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Better than Starbucks Fiction

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When Tyler’s mom died, he was left to go through her things. The middle child, he said he was always the one left holding the bag, in trouble for shared childhood crimes he and his older brother and younger sister partook equally in like the time they tried to cook French fries and set off the smoke detector, or the time they brokeg into the liquor cabinet. Of the latter incident, Tyler told me, “Nick got in his car and drove off—drunk, I might add—a half hour before Mom and Dad got home, and Carrie fell asleep, so I was the only one to yell at when they saw the empty bottle of Jim Beam.”

            Carrie cried ferociously at the funeral, but skipped town without saying goodbye—better than Nick who explained things were too busy at work to come back at all.

            I told Tyler he was a good son to take care of details, not to mention to serve cheese and crackers and wine to the extended family at the little house his mother had died in.

            He shook his head and told me she would have been prouder of the other two. She’d always said no one should live their whole lives where they were born.

            I met him at the house to help clean. I expected he’d want to take a lot of things back to his apartment, but when I got there—early, I thought, with coffee and doughnuts for the both of us—he was already at work, filling boxes with books and DVDs to be donated, trash bags with ceramic cat figurines his mother had collected, with a family photo album.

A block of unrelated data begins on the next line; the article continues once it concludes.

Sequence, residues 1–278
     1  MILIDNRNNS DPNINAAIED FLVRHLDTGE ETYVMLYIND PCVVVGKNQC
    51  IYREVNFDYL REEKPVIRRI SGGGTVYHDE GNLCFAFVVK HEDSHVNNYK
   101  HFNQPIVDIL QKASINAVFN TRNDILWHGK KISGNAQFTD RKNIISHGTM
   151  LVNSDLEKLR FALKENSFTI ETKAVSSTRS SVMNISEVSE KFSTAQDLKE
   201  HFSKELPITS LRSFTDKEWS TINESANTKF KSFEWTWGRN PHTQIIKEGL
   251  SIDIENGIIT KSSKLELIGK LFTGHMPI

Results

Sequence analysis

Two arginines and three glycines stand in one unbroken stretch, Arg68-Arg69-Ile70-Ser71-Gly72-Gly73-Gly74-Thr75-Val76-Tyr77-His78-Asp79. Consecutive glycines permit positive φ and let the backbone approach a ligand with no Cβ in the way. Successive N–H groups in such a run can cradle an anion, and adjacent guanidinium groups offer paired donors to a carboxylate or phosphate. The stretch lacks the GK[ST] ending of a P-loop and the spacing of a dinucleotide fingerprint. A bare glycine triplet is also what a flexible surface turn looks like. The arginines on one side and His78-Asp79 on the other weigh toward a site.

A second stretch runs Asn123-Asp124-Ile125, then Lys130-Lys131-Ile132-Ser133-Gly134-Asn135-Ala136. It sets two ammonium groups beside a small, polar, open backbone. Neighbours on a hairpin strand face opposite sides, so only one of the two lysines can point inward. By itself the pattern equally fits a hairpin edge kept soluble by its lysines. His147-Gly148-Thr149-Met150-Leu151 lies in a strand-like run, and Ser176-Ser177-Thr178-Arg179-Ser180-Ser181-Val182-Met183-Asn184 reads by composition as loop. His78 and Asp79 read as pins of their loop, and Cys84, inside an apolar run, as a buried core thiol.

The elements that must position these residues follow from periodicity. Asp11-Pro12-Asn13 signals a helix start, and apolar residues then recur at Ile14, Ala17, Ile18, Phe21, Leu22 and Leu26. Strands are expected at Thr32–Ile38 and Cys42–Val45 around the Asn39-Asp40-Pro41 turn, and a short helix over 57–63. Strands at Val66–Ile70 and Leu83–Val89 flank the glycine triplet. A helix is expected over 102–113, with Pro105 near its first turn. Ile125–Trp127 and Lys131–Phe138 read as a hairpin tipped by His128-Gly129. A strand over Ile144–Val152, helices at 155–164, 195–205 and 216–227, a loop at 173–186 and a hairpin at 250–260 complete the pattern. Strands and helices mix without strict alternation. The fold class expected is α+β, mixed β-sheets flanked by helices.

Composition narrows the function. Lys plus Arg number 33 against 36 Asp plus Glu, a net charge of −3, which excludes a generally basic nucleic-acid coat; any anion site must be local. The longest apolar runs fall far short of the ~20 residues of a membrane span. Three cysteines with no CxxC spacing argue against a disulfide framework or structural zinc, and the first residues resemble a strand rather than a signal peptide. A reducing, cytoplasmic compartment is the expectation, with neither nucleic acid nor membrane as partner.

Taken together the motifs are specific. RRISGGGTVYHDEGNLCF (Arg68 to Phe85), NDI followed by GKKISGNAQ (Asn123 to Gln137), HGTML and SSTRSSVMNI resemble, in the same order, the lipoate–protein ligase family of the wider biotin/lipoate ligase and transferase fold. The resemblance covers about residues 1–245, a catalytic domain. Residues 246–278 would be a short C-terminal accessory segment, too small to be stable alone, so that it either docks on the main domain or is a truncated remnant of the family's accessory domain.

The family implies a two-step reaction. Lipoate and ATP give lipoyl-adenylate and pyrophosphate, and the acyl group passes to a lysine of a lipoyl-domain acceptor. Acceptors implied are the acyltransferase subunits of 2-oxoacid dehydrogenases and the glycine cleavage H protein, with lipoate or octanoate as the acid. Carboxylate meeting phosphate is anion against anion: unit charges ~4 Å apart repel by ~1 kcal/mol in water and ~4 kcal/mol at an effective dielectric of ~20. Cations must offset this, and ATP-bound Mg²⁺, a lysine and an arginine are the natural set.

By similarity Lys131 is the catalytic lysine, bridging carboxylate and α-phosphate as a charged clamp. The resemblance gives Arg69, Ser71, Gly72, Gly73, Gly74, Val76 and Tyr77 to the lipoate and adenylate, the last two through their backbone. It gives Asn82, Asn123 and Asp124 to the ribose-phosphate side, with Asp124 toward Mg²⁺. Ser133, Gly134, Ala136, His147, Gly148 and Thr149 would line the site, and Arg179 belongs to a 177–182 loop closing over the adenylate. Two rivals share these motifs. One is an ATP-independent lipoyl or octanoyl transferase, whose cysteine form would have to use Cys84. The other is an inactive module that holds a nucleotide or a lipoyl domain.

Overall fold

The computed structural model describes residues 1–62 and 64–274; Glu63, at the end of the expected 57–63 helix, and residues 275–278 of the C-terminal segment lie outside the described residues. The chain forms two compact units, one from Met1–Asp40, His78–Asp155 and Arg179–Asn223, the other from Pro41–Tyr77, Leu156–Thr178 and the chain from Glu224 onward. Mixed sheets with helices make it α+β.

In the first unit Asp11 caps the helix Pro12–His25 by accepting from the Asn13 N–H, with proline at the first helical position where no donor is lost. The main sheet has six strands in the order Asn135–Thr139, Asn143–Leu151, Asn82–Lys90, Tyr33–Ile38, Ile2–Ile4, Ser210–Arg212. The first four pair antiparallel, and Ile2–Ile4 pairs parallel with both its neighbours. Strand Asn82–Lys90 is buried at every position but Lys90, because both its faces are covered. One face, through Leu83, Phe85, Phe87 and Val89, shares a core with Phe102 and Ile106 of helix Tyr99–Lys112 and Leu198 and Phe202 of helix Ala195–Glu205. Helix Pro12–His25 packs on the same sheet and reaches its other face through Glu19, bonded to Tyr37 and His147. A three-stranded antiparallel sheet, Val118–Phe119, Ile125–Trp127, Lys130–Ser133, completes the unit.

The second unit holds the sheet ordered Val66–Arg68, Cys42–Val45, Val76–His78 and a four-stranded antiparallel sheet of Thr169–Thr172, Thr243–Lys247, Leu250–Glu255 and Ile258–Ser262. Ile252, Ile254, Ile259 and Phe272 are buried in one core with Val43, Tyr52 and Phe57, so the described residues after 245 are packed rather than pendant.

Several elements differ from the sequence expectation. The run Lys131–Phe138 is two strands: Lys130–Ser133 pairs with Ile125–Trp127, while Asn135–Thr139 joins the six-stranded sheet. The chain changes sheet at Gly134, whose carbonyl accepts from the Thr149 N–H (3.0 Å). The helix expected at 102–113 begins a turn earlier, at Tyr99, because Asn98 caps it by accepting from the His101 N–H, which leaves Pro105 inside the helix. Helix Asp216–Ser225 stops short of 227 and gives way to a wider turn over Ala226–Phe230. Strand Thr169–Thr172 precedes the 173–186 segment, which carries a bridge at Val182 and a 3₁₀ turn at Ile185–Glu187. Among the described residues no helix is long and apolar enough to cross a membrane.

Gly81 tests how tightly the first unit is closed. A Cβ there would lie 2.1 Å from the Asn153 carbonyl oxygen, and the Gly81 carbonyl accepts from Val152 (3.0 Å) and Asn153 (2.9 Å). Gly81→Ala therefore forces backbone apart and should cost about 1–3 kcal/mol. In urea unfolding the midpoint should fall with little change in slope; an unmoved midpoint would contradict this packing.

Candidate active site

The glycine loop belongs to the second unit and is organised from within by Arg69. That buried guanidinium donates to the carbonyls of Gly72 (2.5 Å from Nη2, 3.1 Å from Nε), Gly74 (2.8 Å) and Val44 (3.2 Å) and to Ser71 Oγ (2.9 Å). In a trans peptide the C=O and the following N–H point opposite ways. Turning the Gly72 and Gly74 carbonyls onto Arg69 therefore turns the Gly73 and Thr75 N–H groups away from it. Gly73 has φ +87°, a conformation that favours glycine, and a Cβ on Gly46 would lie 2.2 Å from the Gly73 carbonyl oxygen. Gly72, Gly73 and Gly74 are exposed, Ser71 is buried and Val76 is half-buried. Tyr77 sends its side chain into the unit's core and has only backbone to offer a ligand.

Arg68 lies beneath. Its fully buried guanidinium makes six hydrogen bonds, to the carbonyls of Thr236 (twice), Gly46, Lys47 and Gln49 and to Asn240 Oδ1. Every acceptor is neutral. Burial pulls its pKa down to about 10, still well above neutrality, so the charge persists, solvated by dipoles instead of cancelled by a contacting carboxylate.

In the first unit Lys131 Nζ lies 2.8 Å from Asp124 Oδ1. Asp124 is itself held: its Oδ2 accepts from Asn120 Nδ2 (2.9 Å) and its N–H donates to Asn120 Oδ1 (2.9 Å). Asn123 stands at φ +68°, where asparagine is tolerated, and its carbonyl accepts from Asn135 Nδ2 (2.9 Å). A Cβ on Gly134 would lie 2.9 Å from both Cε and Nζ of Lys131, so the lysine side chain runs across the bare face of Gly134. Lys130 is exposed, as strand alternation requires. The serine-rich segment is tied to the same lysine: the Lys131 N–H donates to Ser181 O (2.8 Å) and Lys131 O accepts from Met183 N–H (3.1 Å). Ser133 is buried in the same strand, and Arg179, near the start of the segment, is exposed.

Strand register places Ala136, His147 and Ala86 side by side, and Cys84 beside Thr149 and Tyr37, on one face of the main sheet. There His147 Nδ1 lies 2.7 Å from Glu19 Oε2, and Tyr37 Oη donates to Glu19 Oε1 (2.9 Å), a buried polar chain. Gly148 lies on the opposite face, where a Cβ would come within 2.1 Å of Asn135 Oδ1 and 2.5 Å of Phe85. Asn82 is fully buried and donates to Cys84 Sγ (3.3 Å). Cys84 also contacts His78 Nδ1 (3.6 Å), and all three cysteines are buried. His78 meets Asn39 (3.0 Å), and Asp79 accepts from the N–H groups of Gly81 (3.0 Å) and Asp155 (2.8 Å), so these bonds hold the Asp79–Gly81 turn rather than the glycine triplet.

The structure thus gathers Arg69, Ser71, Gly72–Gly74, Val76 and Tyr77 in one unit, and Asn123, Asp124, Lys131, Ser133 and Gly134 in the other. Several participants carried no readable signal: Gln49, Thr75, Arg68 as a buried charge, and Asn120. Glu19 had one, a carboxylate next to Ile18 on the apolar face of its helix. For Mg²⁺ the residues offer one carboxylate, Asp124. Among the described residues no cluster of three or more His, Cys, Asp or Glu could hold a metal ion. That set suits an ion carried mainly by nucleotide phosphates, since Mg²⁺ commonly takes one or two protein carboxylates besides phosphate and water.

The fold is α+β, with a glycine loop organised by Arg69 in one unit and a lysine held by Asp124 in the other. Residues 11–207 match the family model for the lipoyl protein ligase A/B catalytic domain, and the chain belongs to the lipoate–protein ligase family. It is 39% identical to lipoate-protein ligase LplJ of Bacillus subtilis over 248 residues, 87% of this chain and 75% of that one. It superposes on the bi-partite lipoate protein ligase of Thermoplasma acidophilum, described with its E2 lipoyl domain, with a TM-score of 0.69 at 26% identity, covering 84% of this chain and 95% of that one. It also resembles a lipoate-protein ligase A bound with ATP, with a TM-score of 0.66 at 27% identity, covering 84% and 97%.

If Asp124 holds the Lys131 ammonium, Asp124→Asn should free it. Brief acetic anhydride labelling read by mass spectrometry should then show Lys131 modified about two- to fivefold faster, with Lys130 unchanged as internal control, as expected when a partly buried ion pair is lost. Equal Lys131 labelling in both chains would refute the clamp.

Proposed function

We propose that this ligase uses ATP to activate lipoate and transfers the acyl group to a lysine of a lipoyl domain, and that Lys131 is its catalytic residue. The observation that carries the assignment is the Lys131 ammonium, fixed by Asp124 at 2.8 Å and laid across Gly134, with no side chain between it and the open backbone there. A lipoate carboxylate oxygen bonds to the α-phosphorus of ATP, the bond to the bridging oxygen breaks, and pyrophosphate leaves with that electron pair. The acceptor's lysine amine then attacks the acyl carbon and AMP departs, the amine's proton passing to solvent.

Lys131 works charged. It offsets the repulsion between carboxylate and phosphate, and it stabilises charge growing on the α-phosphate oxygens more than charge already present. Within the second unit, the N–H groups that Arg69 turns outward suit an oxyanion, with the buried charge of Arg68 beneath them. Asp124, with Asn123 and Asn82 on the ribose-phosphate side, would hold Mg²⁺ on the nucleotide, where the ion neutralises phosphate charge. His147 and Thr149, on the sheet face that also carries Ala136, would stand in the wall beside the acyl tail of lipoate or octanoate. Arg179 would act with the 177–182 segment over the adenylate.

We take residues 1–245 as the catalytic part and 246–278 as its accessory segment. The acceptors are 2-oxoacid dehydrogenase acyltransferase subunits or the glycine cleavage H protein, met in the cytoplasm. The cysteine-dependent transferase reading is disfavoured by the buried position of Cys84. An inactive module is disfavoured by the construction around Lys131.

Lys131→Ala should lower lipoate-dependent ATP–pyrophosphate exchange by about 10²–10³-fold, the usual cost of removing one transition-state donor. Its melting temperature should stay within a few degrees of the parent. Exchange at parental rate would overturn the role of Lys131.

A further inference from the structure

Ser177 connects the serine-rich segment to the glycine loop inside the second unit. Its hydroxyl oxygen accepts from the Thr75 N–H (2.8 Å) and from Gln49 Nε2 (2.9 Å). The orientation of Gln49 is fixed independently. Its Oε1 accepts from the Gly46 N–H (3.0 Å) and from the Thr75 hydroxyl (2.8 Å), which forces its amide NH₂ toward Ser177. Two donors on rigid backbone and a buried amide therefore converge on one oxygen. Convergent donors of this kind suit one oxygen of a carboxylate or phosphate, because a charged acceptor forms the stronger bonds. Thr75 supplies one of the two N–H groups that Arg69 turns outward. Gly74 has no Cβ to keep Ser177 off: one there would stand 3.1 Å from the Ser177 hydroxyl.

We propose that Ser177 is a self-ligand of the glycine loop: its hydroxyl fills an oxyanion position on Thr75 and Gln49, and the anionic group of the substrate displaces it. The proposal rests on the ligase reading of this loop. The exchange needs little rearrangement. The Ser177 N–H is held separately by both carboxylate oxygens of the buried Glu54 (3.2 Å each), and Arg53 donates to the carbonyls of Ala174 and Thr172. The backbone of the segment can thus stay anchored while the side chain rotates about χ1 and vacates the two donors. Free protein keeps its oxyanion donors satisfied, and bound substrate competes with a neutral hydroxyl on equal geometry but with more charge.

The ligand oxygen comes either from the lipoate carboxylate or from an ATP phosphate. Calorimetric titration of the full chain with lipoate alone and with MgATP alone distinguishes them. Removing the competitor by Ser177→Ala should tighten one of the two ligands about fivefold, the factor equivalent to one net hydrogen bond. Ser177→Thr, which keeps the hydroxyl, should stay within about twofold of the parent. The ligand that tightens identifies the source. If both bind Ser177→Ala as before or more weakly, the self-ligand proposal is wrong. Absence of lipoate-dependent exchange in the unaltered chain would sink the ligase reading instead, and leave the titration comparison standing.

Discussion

I asked him, “Don’t you want to keep some of this?”

            He kept working. His coffee went cold.

            I found the manuscript. A manila envelope filled with old printer pages—the kind with the perforated borders. The title page: Tales of Curiosity by Wendy Wright.

            “She wrote all of these stories for us.” Tyler didn’t even look at it, sorting through a stack of CDs for anything he would keep or else sell. “Just bedtime stories at first, and she said she couldn’t remember them so she had to write them down and her handwriting was horrible, so if she was going to read them aloud she had to type them.”

            “That sounds sweet.”

He dropped a handful of CDs into a trash bag where they fell hard and it was impossible to tell if he’d intentionally thrown them down, or if that were just how they’d fallen. “It was nice when we were little.”